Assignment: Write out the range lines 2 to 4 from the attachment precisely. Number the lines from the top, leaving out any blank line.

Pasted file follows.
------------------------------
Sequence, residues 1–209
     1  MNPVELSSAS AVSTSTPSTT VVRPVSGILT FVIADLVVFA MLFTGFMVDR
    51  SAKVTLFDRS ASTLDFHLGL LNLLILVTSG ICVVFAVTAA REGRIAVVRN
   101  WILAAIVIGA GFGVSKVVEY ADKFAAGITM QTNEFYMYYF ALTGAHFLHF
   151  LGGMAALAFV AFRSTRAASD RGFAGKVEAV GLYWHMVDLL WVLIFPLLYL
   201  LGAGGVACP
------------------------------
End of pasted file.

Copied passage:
     1  MNPVELSSAS AVSTSTPSTT VVRPVSGILT FVIADLVVFA MLFTGFMVDR
    51  SAKVTLFDRS ASTLDFHLGL LNLLILVTSG ICVVFAVTAA REGRIAVVRN
   101  WILAAIVIGA GFGVSKVVEY ADKFAAGITM QTNEFYMYYF ALTGAHFLHF